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Wednesday, July 1, 2015
- When Junior Mayema boarded a plane to South Africa from his native Democratic Republic of Congo in 2010, he cried tears of joy because he was finally heading to a country where he could live openly as a gay man.
South Africa is the only African country to recognise same-sex unions, and the country’s constitution forbids discrimination on the basis of sex, gender or sexual orientation.
However, when he arrived in South Africa Mayema shed even more tears. But this time they were tears of pain because of the exclusion and harassment he had to endure.
“It’s a very hard life I’m living, a very hard life,” the 24-year-old told IPS.
In South Africa Mayema has been verbally abused and beaten up several times for being gay. And he has lost confidence in the justice system because of apathetic law enforcers.
“I was beaten up last year and when I went to report it to the police they started laughing asking ‘Why are you gay? Just go to the hospital.’”
The prejudicial attacks are one of the reasons why Mayema left DRC. Being gay in his home country means finding work is almost impossible, and it means being discriminated against in education institutions and even being killed.
Mayema, a university drop out, had a close brush with death when his own family beat him up because of his sexual orientation. He said that he was starved for seven days, as his family attempted “to exorcise his demon.”
But he never expected to experience similar discrimination in South Africa. He told IPS that he was ejected from several shelters for being a gay man and a foreigner. The situation is sometimes so bad that he said he misses home.
“In South Africa it’s worse, there is xenophobia, homophobia and racism,” Mayema told IPS, lamenting his fading hope for a new life here.
But his story is sadly not unique. His is just one of many cases of hardships that refugee Lesbian, Gay, Bisexual, Transgender and Intersex (LGBTI) people experience here according to a report titled “Dream Deferred: Is the Equality Clause in the South African Constitution Bill of Rights just a far-off hope for LGBTI Asylum Seekers and Refugees”.
The report, produced by the People Against Suffering, Oppression and Poverty (PASSOP), was released on Tuesday Jun. 26. It found that at the root of the plight of refugee LGBTI people in South Africa was their lack of legal residential status. The report recommends that the government of South Africa sensitise its Department of Home Affairs staff to properly handle the application for refugee status by LGBTI people.
According to the United Nations Refugee Agency guide for adjudicating LGBTI refugee and asylum claims, threatened people should be granted legal status in their country of refugee. But this is not the case in South Africa.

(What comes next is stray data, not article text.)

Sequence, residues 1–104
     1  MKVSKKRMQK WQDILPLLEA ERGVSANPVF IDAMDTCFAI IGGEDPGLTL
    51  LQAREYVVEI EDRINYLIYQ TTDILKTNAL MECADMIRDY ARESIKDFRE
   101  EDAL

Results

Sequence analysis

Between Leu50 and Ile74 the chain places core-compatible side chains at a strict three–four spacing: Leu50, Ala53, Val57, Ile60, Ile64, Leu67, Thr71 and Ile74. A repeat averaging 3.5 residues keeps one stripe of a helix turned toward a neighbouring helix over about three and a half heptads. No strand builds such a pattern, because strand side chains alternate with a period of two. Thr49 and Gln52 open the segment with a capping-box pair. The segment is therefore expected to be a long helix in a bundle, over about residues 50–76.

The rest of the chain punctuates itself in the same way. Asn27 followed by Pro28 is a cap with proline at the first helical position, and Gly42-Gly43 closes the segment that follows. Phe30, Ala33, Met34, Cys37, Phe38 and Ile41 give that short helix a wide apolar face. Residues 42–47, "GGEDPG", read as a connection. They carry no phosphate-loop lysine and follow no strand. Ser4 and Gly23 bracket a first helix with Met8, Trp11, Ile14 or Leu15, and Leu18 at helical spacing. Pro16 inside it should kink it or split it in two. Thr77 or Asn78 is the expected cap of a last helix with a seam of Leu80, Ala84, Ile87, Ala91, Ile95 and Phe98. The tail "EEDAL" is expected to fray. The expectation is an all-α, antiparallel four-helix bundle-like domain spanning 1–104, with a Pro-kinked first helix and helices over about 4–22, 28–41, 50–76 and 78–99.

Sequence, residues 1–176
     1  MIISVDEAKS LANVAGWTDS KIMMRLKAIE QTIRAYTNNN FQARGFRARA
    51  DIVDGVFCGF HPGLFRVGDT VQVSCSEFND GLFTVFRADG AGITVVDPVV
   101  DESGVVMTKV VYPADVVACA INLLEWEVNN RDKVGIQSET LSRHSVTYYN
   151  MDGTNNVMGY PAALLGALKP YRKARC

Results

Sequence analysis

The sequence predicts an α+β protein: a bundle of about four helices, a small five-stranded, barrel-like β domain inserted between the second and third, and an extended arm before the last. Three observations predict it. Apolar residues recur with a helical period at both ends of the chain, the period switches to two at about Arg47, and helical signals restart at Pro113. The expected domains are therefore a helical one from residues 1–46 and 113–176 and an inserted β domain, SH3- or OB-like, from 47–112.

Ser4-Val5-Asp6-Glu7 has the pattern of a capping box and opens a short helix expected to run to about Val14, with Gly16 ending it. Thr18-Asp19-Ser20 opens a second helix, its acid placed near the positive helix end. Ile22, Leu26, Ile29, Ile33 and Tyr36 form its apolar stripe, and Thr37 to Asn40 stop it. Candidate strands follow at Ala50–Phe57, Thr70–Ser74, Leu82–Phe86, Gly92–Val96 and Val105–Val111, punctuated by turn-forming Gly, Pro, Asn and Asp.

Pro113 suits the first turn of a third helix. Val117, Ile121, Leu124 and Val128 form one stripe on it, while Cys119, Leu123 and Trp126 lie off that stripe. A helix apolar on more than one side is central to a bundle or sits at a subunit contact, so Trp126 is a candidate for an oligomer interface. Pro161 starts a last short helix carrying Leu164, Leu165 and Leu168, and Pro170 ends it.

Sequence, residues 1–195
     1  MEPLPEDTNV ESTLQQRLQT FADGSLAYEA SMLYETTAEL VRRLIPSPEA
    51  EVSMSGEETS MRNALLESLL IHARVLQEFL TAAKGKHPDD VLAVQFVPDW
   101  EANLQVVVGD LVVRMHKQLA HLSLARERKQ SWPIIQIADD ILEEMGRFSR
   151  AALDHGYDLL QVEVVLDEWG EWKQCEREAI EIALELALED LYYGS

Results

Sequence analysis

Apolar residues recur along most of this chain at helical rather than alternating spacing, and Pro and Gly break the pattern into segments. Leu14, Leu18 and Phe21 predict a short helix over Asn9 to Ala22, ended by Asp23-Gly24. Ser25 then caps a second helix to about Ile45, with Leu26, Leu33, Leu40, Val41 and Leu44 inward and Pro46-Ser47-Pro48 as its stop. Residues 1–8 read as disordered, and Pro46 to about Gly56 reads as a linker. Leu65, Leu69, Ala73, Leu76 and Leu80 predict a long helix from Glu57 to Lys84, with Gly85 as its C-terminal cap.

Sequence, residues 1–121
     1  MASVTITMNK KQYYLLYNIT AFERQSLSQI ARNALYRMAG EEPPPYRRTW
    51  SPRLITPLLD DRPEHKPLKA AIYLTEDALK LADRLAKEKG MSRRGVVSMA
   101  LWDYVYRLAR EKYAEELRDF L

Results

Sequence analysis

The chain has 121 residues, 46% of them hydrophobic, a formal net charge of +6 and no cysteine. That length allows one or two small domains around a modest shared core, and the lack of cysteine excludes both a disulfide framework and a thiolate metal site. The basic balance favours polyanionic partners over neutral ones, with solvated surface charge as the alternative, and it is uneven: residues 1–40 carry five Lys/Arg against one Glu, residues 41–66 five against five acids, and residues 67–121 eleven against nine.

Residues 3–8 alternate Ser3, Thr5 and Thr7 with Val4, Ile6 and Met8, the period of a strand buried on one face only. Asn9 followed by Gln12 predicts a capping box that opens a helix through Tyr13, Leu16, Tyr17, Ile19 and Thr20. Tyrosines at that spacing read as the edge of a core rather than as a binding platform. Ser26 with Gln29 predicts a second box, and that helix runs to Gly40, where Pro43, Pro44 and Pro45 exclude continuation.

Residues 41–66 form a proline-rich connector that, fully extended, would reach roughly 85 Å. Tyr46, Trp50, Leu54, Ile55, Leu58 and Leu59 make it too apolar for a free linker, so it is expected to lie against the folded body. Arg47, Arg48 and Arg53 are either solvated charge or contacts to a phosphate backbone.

“Out of 35 people we interviewed who applied, only two were granted refugee status,” said Guillain Koko, coordinator of the PASSOP LGBTI advocacy project.
Koko said that the lack of residence status jeopardises the chances of employment for refugee LGBTI people.
“They are the most vulnerable people,” he said. He added that the difficulties of being unemployed resulted in “two of those interviewed trying to commit suicide, while some were driven into sex work.”
Unemployment, Koko said, slows down social integration and even acceptance into local LGBTI social groups.
“They can’t go to gay clubs or restaurants because it’s expensive.”
Robinah Kintu, a former Uganda national soccer player who resides in Mandalay Township near Cape Town, is a case in point. She has a tenuous future in the country and she may soon be unemployed because she has not been granted residence here.
Kintu currently plays provincial league soccer for the Red Eagles Football Club in Cape Town. However, the South African Football Association has refused to grant her permission to continue playing since she only has asylum in the country. “When you are a foreigner and also a lesbian, for me, I call it war,” she told IPS.
She has been living in the country since 2009 and said that there is little to distinguish between South Africa and her East African home, a country notorious for its homophobia, when it comes to people’s attitudes towards LGBTIs.
“The people there treat you, if you are lesbian or gay, like a pig,” she said. “The sentence is death, when they find out that you are a lesbian.
“In South Africa, it’s still the same. There is a law but people do not follow the law…even South African lesbians are raped and killed.”
In February four South African men were sentenced to 18 years in jail for stoning and stabbing to death an openly lesbian teenager, 19-year-old Zoliswa Nkonyana, in 2006. Violence against lesbians is common here, with high incidences of “corrective rape”, where men believe they can “cure” lesbians of their sexual orientation.
Kintu has been subjected to her fair share of harassment, and fears for her safety.
“If I had money I would move from this place, it’s not safe. That’s why you can’t find me walking out at night…they can kill or rape you,” she said, her voice breaking.
The PASSOP report calls for tighter law enforcement regarding the rights of LGBTI refugees in South Africa. It urges the government “to take affirmative measures to prevent, stop and prosecute acts of violence against LGBTI refugees.”